A paper I co-authored with my colleagues at TILT (Bert-Jaap Koops, Tjerk Timan, Ivan Škorvánek, Tomislav Chokrevski, and Maša Galič), entitled “A Typology of Privacy“, has been accepted to the University of Pennsylvania Journal of International Law. We workshopped an earlier version of this paper at the Privacy Law Scholar’s Conference (PLSC) in 2015. I think this paper makes a significant contribution to the privacy literature and I’m really proud of what our team was able to accomplish here. The paper is available at SSRN.
The abstract is here:
Despite the difficulty of capturing the nature and boundaries of privacy, it is important to conceptualize it. Some scholars develop unitary theories of privacy in the form of a unified conceptual core; others offer classifications of privacy that make meaningful distinctions between different types of privacy. We argue that the latter approach is underdeveloped and in need of improvement. In this paper, we propose a typology of privacy that is more systematic and comprehensive than any existing model.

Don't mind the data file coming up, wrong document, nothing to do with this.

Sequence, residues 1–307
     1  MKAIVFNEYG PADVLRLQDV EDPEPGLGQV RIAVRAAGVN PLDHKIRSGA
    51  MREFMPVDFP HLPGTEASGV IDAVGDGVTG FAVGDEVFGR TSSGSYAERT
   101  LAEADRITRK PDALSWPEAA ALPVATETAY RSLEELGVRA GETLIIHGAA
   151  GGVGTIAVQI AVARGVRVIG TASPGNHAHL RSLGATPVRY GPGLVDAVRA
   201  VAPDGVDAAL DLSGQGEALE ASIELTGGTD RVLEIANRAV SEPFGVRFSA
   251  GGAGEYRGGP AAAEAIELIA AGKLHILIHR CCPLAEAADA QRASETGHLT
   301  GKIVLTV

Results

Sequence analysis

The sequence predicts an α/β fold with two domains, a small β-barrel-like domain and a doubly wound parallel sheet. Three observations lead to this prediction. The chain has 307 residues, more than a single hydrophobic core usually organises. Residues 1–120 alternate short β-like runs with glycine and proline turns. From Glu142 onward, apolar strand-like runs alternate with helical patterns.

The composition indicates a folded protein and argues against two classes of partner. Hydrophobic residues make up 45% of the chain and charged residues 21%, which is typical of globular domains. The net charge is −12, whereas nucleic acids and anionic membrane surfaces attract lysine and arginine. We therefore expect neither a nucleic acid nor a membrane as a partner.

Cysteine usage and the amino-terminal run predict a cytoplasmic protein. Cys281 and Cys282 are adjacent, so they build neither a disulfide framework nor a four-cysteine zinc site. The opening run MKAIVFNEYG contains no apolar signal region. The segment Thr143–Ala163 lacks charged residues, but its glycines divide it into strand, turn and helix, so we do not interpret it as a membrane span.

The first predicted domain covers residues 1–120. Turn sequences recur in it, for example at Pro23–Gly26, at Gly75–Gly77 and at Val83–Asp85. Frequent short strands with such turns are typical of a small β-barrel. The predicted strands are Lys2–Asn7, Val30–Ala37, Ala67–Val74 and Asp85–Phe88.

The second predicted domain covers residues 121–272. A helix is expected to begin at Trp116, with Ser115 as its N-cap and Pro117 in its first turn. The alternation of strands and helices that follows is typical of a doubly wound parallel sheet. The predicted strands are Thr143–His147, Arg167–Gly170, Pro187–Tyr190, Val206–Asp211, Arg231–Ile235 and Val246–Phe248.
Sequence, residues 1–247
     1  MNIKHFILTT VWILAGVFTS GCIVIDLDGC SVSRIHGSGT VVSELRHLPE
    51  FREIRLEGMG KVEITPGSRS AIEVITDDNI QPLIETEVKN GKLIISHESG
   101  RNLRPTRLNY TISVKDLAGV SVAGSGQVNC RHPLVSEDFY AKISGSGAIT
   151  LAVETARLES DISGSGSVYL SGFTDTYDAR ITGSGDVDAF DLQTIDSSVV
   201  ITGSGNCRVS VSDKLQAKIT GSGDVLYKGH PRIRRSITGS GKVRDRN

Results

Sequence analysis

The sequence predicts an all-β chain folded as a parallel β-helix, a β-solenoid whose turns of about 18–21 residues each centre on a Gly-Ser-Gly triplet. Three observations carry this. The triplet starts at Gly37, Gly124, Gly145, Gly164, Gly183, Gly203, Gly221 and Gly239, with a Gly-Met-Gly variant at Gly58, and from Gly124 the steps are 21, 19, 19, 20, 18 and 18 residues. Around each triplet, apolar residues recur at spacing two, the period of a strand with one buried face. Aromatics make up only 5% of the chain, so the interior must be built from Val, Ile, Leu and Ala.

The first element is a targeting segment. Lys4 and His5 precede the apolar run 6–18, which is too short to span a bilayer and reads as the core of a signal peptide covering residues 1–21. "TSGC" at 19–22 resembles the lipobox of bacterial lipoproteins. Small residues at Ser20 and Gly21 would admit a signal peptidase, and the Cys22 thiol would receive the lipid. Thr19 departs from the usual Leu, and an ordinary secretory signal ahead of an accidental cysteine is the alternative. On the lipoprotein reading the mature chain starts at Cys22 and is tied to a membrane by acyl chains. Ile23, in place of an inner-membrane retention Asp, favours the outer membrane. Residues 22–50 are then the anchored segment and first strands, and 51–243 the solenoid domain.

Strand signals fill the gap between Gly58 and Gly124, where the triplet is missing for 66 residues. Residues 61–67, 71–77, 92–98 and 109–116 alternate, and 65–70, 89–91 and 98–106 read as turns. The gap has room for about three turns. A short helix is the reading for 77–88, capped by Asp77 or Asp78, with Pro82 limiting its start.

Our typology is developed, first, by a systematic analysis of constitutional protections of privacy in nine jurisdictions: the United States, Canada, the United Kingdom, the Netherlands, Germany, Italy, the Czech Republic, Poland, and Slovenia. This analysis yields a broad overview of the types of privacy that constitutional law seeks to protect. Second, we have studied literature from privacy scholars in the same nine jurisdictions, in order to identify the main dimensions along which privacy can be classified. Our analysis led us to structure types of privacy in a two-dimensional mode, consisting of eight basic types of privacy (bodily, intellectual, spatial, decisional, communicational, associational, proprietary, and behavioral privacy), with an overlay of a ninth type (informational privacy) that overlaps, but does not coincide, with the eight basic types.
Because of the comprehensive and large-scale comparative nature of the analysis, this paper offers a fundamental contribution to the theoretical literature on privacy. Our typology can serve as an analytic and explanatory model that helps to understand what privacy is, why privacy cannot be reduced to informational privacy, how privacy relates to the right to privacy, and how the right to privacy varies, but also corresponds, across a broad range of countries..